Spider-man, is a veteran of the superhero movie genre. With 3 films under his
By delving deep into Peter Parker’s past, The Amazing Spider-man sets itself apart from Sam Raimi’s original trilogy. From the opening scene with Richard Parker to the closing scene with Gwen Stacy, this Spider-man movie strives to be different, and for the most part it succeeds. Andrew Garfield’s portrayal of high school age Peter Parker is much more real than Tobey Mcguire’s glassy eyed-aw shucks-naivety. Alot of that comes from Peter’s parents dying in the opening scenes. This creates a tone and emotion that is carried on through the rest of the movie. Like Bruce Wayne, Parker has to deal with death at an early age, and the film-makers did a fantastic job of making that matter in the character progression.
Garfield isn’t the only dynamite casting choice in The Amazing Spider-man. Martin Sheen as Uncle Ben, Sally Field as Aunt Mae, Denis Leary as Captain George Stacy, and Emma Stone as Gwen Stacy all pull in fantastic performances, especially Stone. She carries herself with enough sexy to be believable as “the girl Peter has trouble talking to” and once the tables were turned she pulled that off as well. Most importantly she was not just another Kirsten Dunst. Rhys Ifans as Dr. Curt Conners worked but probably not as well as Mark Webb had hoped.
Going into the film I was wondering how they would get around such big characters like Normon Osbourne, Harry Osbourne, Mary Jane Watson and J. Jonah Jameson without their absence being too obvious. Normon is referred to very specifically throughout the film (probably setting up the sequel) so he’s not really missed, but Harry being gone seems weird. Peter Parker is portrayed as having no friends, none are shown or talked about, he’s a lonely high school nerd who likes to skateboard. Even nerds have buddies, and that’s the role Harry usually fills. I’m sure he’ll be there next time around, but that will only make his absence here more noticeable.
Seeing the origin story play out again on screen was strange, Raimi’s Spider-man was released only 10 years ago, so seeing the spider bite again and basically the same thing happening to Uncle Ben felt like wearing a pair of underwear that had worn out elastic. You know why the scene is there and you can’t go without it, but its uncomfortable and you just want to get past it. I’m sure had this film been released in a universe where the previous trilogy didn’t exist, the Uncle Ben scene would be just fine. Also the film’s decision to omit the “With great power comes great responsibility” line would have been acceptable had the script not danced around the idea so much. If you want to say it just say it. Don’t change the wording of the saying just for the sake of being different.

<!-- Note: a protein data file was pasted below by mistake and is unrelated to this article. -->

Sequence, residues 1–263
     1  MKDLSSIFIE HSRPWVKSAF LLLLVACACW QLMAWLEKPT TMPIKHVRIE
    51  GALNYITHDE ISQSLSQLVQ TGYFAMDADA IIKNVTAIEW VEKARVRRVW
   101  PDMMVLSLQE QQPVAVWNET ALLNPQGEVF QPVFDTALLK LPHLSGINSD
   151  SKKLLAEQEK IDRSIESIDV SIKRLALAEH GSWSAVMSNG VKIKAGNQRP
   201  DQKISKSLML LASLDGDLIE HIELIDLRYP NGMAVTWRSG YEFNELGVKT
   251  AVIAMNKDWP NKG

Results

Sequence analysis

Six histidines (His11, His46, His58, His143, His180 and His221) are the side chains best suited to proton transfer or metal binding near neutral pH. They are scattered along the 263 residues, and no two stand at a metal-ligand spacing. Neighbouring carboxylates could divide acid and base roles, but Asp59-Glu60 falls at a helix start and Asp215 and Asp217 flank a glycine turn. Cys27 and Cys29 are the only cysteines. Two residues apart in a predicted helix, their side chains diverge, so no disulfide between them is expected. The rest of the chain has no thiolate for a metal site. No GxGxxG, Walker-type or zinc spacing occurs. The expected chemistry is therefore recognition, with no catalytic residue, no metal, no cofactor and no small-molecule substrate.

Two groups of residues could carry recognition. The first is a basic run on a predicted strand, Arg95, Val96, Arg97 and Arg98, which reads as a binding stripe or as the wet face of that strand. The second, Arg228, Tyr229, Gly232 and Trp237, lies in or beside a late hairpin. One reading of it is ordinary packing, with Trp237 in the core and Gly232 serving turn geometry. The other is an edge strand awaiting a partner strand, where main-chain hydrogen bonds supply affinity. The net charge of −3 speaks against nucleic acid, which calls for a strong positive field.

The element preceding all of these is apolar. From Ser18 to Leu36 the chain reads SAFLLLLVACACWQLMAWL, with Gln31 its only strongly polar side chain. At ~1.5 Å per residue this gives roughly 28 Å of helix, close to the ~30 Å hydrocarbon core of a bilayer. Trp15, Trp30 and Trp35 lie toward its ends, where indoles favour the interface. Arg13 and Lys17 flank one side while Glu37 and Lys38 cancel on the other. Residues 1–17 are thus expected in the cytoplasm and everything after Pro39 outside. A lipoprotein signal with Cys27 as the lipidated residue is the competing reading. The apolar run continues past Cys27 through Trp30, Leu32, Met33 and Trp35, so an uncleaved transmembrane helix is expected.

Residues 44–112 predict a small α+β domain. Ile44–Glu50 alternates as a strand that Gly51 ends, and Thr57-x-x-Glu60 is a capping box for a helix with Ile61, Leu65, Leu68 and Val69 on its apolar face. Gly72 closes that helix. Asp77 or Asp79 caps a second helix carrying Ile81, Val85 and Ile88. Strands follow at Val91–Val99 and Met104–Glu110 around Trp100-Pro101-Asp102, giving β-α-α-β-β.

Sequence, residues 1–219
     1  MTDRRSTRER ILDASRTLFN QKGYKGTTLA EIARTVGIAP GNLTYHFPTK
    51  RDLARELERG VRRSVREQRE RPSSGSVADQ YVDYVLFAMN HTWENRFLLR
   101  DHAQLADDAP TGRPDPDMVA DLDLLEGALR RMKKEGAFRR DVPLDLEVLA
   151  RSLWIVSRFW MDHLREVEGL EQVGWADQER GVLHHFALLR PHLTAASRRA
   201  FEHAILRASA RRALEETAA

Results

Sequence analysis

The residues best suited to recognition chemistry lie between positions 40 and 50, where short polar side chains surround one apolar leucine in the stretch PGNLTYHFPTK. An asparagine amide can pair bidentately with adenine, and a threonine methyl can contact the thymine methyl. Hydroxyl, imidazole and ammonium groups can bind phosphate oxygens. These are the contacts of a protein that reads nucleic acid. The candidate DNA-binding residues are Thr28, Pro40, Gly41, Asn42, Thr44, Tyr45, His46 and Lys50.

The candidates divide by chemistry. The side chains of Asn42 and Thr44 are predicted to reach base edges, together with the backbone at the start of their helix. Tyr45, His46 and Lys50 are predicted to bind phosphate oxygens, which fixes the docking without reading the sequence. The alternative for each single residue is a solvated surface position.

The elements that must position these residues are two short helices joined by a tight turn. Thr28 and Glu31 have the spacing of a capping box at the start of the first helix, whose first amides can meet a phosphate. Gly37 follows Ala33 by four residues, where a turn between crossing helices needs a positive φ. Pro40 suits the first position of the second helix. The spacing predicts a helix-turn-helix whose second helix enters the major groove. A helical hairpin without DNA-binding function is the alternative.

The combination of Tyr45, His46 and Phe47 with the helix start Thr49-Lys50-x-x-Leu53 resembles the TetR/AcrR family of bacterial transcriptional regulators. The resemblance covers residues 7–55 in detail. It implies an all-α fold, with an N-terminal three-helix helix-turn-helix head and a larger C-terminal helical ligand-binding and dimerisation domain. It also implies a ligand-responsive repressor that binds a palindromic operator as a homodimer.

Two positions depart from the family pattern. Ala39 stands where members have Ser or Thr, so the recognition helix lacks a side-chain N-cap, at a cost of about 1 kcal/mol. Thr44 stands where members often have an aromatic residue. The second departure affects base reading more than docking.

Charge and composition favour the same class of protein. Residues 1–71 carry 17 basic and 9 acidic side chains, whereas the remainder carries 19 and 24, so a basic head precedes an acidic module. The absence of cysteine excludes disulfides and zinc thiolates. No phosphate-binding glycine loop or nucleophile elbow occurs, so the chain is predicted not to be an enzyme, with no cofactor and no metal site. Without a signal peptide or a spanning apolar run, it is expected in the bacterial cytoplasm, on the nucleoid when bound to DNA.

Spider-man’s discovery period where he tries out his powers and develops the web shooters was fun and much less vanilla than what was in the original Spider-man. Hearing Spider-man finally taunt his enemies like in the comics was fun too. The swing (pun intended) from dorky pre-spider bite Peter Parker to post-bite costumed crime fighter was much wider than before and the movie benefits from it. In fact, the story was one of the more engaging comic book stories on film, at least until the 3rd act.
Oh the 3rd act, there’s going to be some spoilers here so watch out. First off, Spidey gets shot in the leg, sure it adds to the tension and makes him over come adversity, but logistically how is he going to get medical attention and remain anonymous. This has been addressed before in stories like this and Peter Parker has alot of baggage he would have to dodge if he were to try and self medicate a gun-shot wound.
Secondly, I can’t be the only one bothered by the scene where all the crane operators in New York City (who just so happened to be located on every street between where Spider-man was and where he needed to be) line up their jibs so Spider-man can swing to the Oscorp Building. It was cheesy, unbelievable, and ultimately pointless. News flash crane operators, Spider-man’s webs stick to buildings too! The cranes weren’t even needed. I know that this represented that New York City’s citizens had Spidey’s back, but somewhere in the translation from page to screen something got lost.
Finally, your nephew is coming home nightly looking like he has been brutally beaten by drug cartel leaders. Aunt Mae, step up and do something. Find out where he goes at night, and get the police involved. Yeah that would break the story, but if you ask me, Mae allowing Peter to always look like an assault victim is evidence of an already some-what broken story.
Don’t get me wrong I loved The Amazing Spider-man, most of the movie is spot on and outside of the small (in the grand scheme of the movie) things I just mentioned most people will really like the new Spider-man. This of course is assuming you can get past the whole idea of the reboot in the first place. Stick around for the scene during the credits, it hints at the sequel while not really revealing anything.
Verdict: A new Spider-man movie? Why the eff, not?